A Time for Revival

Right on schedule, the proverbial dog days of summer are upon us — those hot, sultry days when the blast of heat smacks you in the face the moment you step outside. Those days that herald the melancholy end-of-summer blues that few of us can escape.

No matter what our age, we use these pre-Labor Day weeks to cling to the waning days of summer's respite. For kids, it's the lingering memories of camp and other rejuvenating adventures.

For adults — even those of us still working during most of the season — it's the relatively carefree evenings filled with outdoor concerts, backyard barbecues, bike rides, the blessed absence of homework drills and, with any luck, a real vacation of some sort.

In this issue of the Jewish Exponent, while the extended days still prevail a bit longer, we highlight where many of us in the region find our summer getaways — down the shore and up in the mountains.

The stories of intergenerational living in Margate or Ventnor and a Bar Mitzvah celebration for a synagogue in the Poconos illustrate the familial and communal connections that link us together beyond our conventional landscape.

Beyond the summer dates, Merriam-Webster defines "dog days" as "a period of stagnation or inactivity." It's certainly easy to subscribe to that sense of inertia while the sweltering heat bears down on us.

But the Jewish tradition offers an alternative view. Even as we bask — or sweat — in the last days of summer at home or away, we begin to look ahead to the Jewish New Year.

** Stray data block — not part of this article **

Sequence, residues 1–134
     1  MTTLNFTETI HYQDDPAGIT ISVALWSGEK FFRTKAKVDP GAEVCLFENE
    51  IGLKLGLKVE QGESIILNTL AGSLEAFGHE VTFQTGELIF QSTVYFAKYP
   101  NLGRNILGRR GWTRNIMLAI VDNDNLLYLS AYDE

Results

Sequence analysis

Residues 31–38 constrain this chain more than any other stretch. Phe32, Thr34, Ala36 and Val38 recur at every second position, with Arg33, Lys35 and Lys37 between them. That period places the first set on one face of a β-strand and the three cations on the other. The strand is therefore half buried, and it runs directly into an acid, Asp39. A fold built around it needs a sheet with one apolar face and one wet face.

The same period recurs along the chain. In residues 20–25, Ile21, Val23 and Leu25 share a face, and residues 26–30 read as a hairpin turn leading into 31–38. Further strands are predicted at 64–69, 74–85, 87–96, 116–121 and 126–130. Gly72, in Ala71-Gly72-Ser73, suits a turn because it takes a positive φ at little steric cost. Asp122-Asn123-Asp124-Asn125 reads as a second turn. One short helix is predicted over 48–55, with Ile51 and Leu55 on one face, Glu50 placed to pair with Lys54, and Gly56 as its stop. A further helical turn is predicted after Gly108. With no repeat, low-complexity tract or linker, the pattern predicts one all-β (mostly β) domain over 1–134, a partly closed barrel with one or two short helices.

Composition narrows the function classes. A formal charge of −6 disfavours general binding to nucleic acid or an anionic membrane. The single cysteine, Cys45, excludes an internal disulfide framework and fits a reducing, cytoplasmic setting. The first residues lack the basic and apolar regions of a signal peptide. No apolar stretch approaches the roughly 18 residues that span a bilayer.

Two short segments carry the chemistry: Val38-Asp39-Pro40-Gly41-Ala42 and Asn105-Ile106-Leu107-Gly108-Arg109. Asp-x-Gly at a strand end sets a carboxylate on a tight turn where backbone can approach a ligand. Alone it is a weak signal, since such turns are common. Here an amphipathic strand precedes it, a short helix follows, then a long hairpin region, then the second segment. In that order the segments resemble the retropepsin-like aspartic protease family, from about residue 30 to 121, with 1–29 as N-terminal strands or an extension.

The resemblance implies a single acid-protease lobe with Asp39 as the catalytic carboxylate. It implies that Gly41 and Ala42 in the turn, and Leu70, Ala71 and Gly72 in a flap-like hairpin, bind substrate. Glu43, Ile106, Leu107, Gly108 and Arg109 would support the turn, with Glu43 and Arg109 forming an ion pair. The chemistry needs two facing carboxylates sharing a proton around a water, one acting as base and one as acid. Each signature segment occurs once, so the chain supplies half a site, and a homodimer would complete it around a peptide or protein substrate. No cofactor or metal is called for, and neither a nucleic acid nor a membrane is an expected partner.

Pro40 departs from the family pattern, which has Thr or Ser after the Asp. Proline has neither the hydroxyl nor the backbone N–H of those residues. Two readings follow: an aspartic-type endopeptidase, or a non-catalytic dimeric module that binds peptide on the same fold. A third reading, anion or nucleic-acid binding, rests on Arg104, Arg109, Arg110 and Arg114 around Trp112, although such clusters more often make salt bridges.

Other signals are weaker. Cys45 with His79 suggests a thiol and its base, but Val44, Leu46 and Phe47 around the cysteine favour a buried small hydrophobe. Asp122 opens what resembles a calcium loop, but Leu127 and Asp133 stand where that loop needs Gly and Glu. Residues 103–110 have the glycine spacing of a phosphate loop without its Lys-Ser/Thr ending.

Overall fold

Next week, Aug. 21, marks the beginning of the month of Elul, which, in turn, ushers in Rosh Hashanah and the High Holidays.

This month provides an opportunity for personal reflection and spiritual preparation for the Days of Awe.

It is the custom during Elul to blow the shofar at the end of each weekday morning prayer service, a wake-up call to seize the moment.

It is an opportunity, as we approach the holidays, to look toward new possibilities — to re-examine our ways of interacting with the world, with each other and with God.

The tragic death of three members of a local Jewish family — along with members of two Italian families vacationing in Manhattan — in a plane crash over the Hudson River this past weekend can't help but remind us that life is indeed fragile, that the most promising of lives, both young and old, can be cut short in a split second.

So as we live through these last weeks of summer, let us defy the dog days. Rather than stagnate, let's use the time to revive ourselves and our relationships as we look to the promise of new beginnings ahead.



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